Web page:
This article was written by Daniel Birnbaum for Dagens Nyheter and was published on 14 October, 2013.
Last weekend, the art critic, musician, professor and former museum director Ulf Linde died. But for him, the Swedish art scene would have been very different. Daniel Birnbaum remembers a man who was curious about everything and had the right kind of intellectual playfulness. With Ulf Linde an entire era comes to an end. Linde - the jazz musician, critic, professor, museum director, member of the Academy - was a guiding light on the art scene and his impact on post-war art can never be disregarded. Without him, the Swedish intellectual climate would have been different. Without him, discussions about what art is and should be would have taken a different course.
Professor Ulf Linde, 1978
© Hans Gedda
Again and again, Linde was at the centre of revolutionary debates on art. This was particularly the case in the early 1960s, when his book "Spejare" delivered an incendiary starting-point for an open concept of art based on the viewer's active participation. And again, in the mid-1980s, when the discussion about the postmodern condition engaged with established notions of the creative self. In Sweden there was only one truly worthy target, who was always quick to respond. Only under such circumstances can an energetic debate arise. The slugger and elitist lived in the same body, and Linde summarised the philosophical challenge from an under-the-belt perspective that far from everyone found pleasing: "My arse is mine."
Linde read Nietzsche and Wittgenstein enthusiastically, but he was never a systematic theoretician. His strength lay in his flashes of acute observation and his ability to capture the tone and specific atmosphere of works of art. He created condensed, sometimes veritably aphoristic texts and remained a musician in everything he did - whether he spoke, wrote or hung paintings in a gallery. For many years, his output as a writer was impossible to overview, dispersed in a plethora of minor publications and catalogues, but today a number of books are available with selected articles, an autobiography and a highly idiosyncratic collection of essays called Samelsurium. Linde wrote about Swedish poets and painters, which he also exhibited, most frequently at the Thielska galleriet (in itself a veritable Gesamtkunstwerk). He wrote about Pablo Picasso and Henri Matisse, about Siri Derkert and Wallace Stevens.
But above all, he wrote book after book about Marcel Duchamp. And in dialogue with the artist he recreated practically all his major works in perfect replicas that are now in the Moderna Museet collection. The impact of these replicas on Duchamp's international reputation after the war can hardly be exaggerated. Ever since Duchamp's first major retrospective in California in 1963, Linde's replicas, signed by the artist, have been the centre of attraction. When Centre Pompidou opened in 1977, Linde and his kindred spirit Jean Clair (academy member and a furious critic of contemporary society) were responsible for the first extensive Duchamp retrospective in Europe, which consisted largely of the signed Stockholm replicas. Incidentally, Linde's version of The Big Glass (with the remarkable title "The Bride Stripped Bare by Her Bachelors, Even") is the most written-about, and beyond comparison the most financially valuable work, ever to have been created in Stockholm.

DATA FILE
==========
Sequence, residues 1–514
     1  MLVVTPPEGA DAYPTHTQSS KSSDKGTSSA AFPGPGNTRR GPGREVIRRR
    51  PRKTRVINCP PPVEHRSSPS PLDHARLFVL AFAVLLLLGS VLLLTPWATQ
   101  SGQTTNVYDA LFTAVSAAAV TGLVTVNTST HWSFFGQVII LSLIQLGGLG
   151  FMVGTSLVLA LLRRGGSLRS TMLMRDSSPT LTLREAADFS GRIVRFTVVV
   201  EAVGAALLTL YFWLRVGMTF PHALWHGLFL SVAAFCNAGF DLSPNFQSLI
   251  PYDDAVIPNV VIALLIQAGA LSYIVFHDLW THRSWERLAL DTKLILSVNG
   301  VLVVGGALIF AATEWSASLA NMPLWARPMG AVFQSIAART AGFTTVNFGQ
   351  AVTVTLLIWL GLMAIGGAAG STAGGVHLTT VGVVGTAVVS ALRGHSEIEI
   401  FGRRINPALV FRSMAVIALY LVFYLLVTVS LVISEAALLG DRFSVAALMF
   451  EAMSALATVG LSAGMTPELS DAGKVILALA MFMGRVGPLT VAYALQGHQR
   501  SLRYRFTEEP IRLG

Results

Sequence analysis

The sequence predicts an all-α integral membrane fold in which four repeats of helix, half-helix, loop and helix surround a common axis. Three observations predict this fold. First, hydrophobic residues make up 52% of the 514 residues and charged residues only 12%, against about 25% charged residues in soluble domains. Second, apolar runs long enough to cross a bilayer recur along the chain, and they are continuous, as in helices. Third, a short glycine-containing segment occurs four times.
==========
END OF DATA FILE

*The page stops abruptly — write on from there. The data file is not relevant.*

What is this painting about? A recurring idea is that the glass can be seen as the artist's self-portrait. In an array of notes, called "The Green Box" (translated into Swedish by Linde) Duchamp calls the upper section "MAR" and the lower section "CEL". Furthermore, his own name is inserted in the title of the work: MAR in "mariée" (Bride) and CEL in "célibataires" (Bachelors). If the glass is an image of his own self, it is indeed about a dismantled and conflict-filled subject. Early in his career, he created an androgynous alter ego with the enigmatic name Rrose Sélavy, with which he signed many of his works. No, Duchamp was never alone in his artistic practice. He had his friend Picabia. Then he had a number of remarkable collaborators in various parts of the world. The artist Richard Hamilton in London. The eccentric and esoteric art dealer Arturo Schwarz in Milan. And, most important of them all: Ulf Linde in Stockholm.
Linde devoted 60 years to trying to understand Duchamp's oeuvre, whom he and many others considered to be the most innovative artist of the 20th century. I am grateful for the privilege of having been engaged in this quest in the most recent years. There is a mandatory journey that all young art historians and writers dream of. Everyone makes it: the Greyhound bus trip from New York to Philadelphia, where Duchamp's broken original can be seen. Ulf Linde never made that journey. His fear of flying transformed his entire intellectual life into something so fantastic that it resembled a novel by Jorge Luis Borges. Instead, he created his own Duchamp works, perhaps even more perfect than the originals. Someone has compared this with the fact that Winckelmann never visited the Greece he dreamed of.
With all due respect for museum directors, without the right colleagues it can all be rather dull. In the 1960s, Moderna Museet was a small institution with a fairly diminutive audience, but with a strong intellectual charisma. And the credit for this was probably not just due to its daring director but at least as much to Ulf Linde. I'm sure he could be arrogant and intimidating at times, but he was also childishly curious about everything that caught his interest, anything that had the right tone and the right kind of intellectual playfulness. He was never uninterested or boring. An art historian with perfect pitch is a rare thing.
Daniel Birnbaum, director of Moderna Museet